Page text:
SAYS 'HELLO' GIRLS MAKE GOOD WIVES.
Miss Eagan, Chief at Bell Co., Tells How Few Fail to Wed.
16 IS AGE TO START.
Company Treats Empolyes Well and Seldom Discharges Anyone.
After twenty years of employing and supervising "hello" girls, Miss Katie Eagan has reached the conclusion that she obtains the best results for her comp;any if she tries to train them to be good wives.
Miss Eagan was the guest of honor the other night at a banquet given to commemorate the twentieth anniversary of her first service with the Bell Telephone Company. She is chief operator at the main exchange, a place she has held for thirteen years. For four years she was chief operator at the Grand exchange, and for two years at the South exchange. Until recently she personally employed all of the Bell's central girls.
Her other duties have multiplied until now she no longer employs the girls, but after they have passed th rough the school the become her charges.
"Why not train the girls to be good wives?" Miss Egan said last night. "The average term of service is thirty-three months, and nearly all of our operators leave to be married. It is my life ambition now so to mold the girls at the switchboard that no man who marries one will be disappointed.
"I much prefer young girls. Sixteen is the best age for a girl to begin as an operator. She has been used to going to school and she does not think our efforts to instruct her in her work are nagging. She learns quickly, because she has been in the habit of studying and knows how to apply her mind, and she remains with us several years after she has become competent.
Eighteen is a little too old, because a girl who comes to us at that age is apt to get married so soon it scarcely is worth while to train her. When a new operator who is as old as 23 enters our employ I know that she will be very difficult to teach, unless she is an exceptional girl."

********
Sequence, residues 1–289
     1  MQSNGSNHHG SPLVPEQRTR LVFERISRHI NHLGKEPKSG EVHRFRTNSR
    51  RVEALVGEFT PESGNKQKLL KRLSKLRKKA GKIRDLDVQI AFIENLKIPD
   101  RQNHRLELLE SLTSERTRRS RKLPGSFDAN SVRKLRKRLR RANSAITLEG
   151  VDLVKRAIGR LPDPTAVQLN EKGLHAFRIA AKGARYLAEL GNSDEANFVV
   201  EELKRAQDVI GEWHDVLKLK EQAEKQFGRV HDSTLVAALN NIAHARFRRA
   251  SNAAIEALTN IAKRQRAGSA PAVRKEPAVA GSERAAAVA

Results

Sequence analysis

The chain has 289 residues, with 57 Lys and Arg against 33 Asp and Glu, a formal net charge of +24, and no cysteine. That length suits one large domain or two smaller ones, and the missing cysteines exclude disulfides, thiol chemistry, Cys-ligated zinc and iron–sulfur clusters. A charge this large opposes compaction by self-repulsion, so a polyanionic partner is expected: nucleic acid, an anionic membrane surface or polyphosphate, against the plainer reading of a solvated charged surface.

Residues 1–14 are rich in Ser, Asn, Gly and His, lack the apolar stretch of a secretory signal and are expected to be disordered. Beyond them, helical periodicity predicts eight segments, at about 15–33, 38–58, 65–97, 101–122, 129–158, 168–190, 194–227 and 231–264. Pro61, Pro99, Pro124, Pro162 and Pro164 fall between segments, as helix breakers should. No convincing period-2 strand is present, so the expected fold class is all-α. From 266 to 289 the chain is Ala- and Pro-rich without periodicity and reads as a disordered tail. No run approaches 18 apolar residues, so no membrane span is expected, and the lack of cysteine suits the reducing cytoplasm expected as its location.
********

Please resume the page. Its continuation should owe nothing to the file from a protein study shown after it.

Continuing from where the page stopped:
Miss Eagan declared that her twenty years will the Bell company have shown her that much of the criticism of corporations as being "soulless" is unfounded.
"No concern could treat its employes better," she said. "It is very rarely that an operator is discharged and our whole attention is centered to making them efficient and holding their services. The company has now instituted a system of sick and death benefits, which is entirely without charge. formerly we would lose many girls who enter the services of some large business house to operate a private branch exchange. But that sort of raids on our ranks has almost ceased to be successful. The girls learned that elsewhere they were likely to lose their places because some head of a department happened to be in a bad temper, while here their places were secure as long as they did their work.
At the old South exchange, Miss Eagan was the night operator. Her mother would go into the office with her, and when the daughter slept Mrs. Eagan would listen for calls.
"Listen is the correct word," said Miss Eagan. "For in those days the boards were so arranged that at night a bell would ring when a call came in."
"Instead of showing a light on the board, a call would then cause a hinged metal plate to drop down. sometimes the drops would stick, and if we heard a slight buzzing we would have to try all of our numbers until we came to the right one."
The new boards have added greatly to the efficiency of the telephone, Miss Eagan said. She declared that operators now are assigned according to the number of calls and not merely given a certain number of lines to watch, as was the former custom.
"Being an operator is the nicest work a girl can do," said Miss Eagan. "I have always liked it. Sometimes the mother of a girl will tell me that the work is wearing her out. But that is not true. If a girl will try not to be to active socially, and will keep regular hours and get enough sleep the work will make her more alert, mentally and physically, and will be good for her."